The Last Days of the Salisbury Prison
The Last Days of Salisbury Prison
The Salisbury prison was located in Rowan County in an old cotton factory known as the Maxwell Chamber Factory. The prison originally consisted of a four story brick building measuring 40 by 100 feet plus five smaller buildings. The first prisoners arrived in Salisbury on December 9, 1861. Originally 119 prisoners were shipped from Raleigh to their new home in Salisbury. Throughout most of the war the prison had a good reputation of providing adequate food and shelter. By October 1864, General Bradley T. Johnson had been appointed commandment of the prison and the prison population had grown by thousands. By November 7, nearly 10,000 prisoners were crowded in the enclosure. The conditions became horrendous. No shelter and little food took tremendous toll in lives. Attempted escapes were commonplace and throughout its history more than 500 prisoners managed to escape to freedom.
On December 13, 1864, Brig. Gen. John H. Winder, the new Commissary of Prisoners, inspected the prison and sent an adverse report back to Insp. Gen. S. Cooper in Richmond. Winder listed six reasons why he considered Salisbury to be “very objectionable” as a prison site. Winder proposed that the prison be moved to a tract of 900 acres at the 14 mile post from Columbia on the railroad to Charlotte.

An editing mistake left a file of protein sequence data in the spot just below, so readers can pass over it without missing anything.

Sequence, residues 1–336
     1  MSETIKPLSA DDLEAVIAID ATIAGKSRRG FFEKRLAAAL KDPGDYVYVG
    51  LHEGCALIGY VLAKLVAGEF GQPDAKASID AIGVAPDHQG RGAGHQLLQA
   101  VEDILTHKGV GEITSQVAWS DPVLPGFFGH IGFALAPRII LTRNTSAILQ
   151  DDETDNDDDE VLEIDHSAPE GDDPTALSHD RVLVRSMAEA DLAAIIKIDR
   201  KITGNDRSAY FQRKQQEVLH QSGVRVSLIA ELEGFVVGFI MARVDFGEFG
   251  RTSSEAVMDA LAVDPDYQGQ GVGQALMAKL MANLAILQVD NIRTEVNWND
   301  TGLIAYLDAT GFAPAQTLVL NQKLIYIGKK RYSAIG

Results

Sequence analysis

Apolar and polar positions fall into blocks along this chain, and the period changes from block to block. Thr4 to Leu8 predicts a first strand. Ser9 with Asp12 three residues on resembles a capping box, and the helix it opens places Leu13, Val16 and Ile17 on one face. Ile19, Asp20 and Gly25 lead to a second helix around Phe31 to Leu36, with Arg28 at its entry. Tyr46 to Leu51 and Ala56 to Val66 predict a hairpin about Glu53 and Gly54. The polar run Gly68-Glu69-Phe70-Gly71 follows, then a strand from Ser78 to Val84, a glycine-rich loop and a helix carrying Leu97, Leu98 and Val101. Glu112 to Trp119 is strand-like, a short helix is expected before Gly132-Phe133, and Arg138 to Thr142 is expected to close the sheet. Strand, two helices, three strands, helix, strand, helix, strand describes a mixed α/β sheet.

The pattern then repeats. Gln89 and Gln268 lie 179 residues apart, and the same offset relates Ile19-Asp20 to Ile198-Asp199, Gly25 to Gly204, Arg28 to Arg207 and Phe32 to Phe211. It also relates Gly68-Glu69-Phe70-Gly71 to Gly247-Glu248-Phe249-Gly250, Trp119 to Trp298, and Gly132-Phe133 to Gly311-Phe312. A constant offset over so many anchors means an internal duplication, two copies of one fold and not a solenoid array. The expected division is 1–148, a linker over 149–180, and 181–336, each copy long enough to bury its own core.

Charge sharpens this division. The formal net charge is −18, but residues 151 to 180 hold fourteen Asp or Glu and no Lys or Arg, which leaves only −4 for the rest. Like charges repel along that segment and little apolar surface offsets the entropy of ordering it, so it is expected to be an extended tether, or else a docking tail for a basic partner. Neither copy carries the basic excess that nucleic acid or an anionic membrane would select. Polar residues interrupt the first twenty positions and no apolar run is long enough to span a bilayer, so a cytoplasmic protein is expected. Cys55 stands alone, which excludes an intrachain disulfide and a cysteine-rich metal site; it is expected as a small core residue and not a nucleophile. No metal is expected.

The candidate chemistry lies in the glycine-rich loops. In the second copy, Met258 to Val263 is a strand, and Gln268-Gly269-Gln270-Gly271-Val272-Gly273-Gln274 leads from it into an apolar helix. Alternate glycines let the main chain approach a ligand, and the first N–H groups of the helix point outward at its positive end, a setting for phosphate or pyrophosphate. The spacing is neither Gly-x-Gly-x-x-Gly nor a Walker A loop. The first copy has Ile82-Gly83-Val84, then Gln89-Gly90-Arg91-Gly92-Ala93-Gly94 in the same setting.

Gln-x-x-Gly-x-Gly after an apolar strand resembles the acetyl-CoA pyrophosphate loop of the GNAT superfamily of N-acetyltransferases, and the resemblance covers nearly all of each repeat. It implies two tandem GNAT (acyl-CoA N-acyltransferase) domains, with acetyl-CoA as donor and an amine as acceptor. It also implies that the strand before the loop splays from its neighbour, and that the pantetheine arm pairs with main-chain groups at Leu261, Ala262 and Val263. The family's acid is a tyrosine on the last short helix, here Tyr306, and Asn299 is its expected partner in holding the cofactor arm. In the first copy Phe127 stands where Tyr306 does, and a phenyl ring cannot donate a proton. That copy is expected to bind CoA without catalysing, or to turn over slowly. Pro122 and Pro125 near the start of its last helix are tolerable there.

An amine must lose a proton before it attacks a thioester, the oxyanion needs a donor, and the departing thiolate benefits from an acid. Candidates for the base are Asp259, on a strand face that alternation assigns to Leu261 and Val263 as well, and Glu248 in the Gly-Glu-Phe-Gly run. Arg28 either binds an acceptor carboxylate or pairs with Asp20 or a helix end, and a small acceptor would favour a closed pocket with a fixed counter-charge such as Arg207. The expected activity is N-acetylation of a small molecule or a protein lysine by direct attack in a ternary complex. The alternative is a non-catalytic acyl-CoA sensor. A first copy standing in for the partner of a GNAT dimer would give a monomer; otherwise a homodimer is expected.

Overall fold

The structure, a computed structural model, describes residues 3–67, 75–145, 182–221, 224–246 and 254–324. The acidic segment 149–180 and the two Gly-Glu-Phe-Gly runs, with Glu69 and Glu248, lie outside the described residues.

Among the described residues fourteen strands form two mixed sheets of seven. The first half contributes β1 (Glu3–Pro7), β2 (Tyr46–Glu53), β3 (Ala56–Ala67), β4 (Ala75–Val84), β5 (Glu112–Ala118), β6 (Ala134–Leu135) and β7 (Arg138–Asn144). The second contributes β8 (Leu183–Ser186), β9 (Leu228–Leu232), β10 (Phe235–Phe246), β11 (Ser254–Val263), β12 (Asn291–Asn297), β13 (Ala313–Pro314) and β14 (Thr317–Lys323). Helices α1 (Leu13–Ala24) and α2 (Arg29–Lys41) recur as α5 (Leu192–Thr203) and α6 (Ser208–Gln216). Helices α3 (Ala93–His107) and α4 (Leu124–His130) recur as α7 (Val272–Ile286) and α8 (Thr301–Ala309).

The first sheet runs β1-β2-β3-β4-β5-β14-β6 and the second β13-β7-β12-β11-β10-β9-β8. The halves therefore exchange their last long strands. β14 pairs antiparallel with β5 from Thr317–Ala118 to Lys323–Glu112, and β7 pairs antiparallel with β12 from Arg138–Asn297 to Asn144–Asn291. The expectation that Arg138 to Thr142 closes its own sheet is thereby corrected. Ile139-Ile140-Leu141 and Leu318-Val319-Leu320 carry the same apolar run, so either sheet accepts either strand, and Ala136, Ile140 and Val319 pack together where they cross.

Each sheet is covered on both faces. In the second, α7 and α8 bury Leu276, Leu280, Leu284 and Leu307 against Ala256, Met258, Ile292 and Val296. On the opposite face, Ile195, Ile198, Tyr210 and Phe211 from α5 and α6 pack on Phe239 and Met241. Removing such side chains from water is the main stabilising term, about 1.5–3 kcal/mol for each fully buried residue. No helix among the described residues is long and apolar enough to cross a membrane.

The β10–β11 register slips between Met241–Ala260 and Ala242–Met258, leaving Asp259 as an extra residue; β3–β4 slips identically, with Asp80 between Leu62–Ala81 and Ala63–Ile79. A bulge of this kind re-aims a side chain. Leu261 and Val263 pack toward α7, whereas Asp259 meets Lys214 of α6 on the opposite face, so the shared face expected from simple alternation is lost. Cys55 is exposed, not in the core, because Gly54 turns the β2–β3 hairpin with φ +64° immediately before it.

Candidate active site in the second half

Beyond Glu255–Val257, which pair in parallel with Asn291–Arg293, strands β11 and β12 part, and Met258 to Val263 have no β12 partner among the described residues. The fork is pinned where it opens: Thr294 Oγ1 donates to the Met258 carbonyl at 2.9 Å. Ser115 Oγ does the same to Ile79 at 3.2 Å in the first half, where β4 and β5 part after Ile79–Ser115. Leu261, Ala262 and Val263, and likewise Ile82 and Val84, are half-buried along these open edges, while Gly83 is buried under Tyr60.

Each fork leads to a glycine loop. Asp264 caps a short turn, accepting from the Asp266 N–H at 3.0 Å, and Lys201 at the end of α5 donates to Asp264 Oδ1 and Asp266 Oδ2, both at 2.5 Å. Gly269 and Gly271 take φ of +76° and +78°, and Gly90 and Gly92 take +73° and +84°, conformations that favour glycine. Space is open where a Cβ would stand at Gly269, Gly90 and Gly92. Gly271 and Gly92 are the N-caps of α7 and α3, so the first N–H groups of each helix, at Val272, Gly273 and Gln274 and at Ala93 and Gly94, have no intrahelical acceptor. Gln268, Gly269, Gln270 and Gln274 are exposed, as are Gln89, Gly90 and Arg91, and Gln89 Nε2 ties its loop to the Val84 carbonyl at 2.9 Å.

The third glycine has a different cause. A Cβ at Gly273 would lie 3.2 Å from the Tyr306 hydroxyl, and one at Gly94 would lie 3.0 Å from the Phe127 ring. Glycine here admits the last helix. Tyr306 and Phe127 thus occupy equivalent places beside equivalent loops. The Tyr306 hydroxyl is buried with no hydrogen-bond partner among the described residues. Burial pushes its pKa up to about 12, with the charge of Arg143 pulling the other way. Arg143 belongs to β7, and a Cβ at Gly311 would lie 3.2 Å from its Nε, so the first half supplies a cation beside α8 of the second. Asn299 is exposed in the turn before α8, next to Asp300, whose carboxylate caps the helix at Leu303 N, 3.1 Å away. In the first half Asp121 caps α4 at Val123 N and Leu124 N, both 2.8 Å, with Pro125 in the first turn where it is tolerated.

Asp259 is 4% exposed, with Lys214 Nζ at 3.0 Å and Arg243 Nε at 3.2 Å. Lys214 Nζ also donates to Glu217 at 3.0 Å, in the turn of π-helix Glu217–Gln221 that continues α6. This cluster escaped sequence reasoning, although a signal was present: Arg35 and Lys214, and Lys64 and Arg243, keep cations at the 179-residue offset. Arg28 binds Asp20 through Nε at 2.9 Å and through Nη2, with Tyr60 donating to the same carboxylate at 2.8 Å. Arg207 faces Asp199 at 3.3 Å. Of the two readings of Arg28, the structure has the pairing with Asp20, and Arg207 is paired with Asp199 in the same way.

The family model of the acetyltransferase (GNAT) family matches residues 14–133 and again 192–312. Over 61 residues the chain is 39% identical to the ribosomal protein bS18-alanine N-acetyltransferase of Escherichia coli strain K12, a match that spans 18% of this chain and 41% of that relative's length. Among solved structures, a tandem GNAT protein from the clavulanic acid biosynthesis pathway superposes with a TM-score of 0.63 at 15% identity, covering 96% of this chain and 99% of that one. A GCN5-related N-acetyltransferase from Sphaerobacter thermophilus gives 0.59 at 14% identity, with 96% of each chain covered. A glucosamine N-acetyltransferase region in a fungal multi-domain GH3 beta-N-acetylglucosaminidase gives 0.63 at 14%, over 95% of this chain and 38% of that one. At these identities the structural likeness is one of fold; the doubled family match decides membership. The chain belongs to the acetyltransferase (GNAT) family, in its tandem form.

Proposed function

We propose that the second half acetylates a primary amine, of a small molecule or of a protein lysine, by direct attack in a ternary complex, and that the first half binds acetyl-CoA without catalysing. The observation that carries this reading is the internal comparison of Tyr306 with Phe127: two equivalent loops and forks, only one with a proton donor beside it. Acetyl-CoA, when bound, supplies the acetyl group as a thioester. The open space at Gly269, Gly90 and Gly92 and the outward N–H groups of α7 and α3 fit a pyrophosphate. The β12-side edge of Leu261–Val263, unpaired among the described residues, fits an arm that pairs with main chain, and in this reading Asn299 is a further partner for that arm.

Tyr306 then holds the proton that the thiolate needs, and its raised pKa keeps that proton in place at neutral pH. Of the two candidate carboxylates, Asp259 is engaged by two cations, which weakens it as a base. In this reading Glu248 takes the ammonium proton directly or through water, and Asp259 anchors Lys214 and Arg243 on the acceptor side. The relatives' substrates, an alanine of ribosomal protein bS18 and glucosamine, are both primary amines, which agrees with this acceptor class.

On December 20, 1864 Secretary of War Seddon accepted Winder’s recommendations and issued an order stopping all repairs and halting an ambitious building program begun at the prison. Six new buildings were under construction and with this order the prisoners were forced to endure conditions as they were for the rest of their confinement.
As time passed with an official decision to relocate the prison, prisoners suffered without shelter and with reduced supply of wood for fuel. Finally, in mid-January 1985, the decision was made to move the prison to Killian’s Mill between Columbia and Charlotte. Instructions were issued to rush construction with all dispatch. These efforts were stopped by Sherman’s capture of Columbia on February 17, 1865.
On February 17, 1865, a general POW exchange was announced and carried out within the next three weeks. Following this exchange, only a few civilian prisoners were left in Salisbury.
On February 8, 1865, Winder died and was replaced by Brig. Gen. Daniel Ruggles on March 24, 1865. Gen. Bradley Johnson was promoted and Col. H. Forno replaced him as senior officer at Salisbury which was at the time serving as headquarters of military prisons. On April 2, 1865, Forno reported he had quite a few prisoners which were being kept in open fields because existing buildings had been turned over to the Ordinance Department. He requested instructions on what to do with his POWs.
On April 7, 1865, Col. Forno sent Brig. Gen. Daniel Ruggles, Commissary General of Prisoners, a letter suggesting options of other sites. This letter is the subject of this article. Figure 1 is the envelope used to carry this letter to Gen. Ruggles in Danville, Virginia. The content of this letter is in the official records of the Confederacy. One day later, April 9, 1865, Lee would surrender in Durham and the war would be officially over. On April 12 and 13, 1865, General George Stoneman marched into Salisbury and burned the prison buildings and destroyed much of the Confederate property in Salisbury. This cover can be considered the last official letter mailed from the Salisbury prison.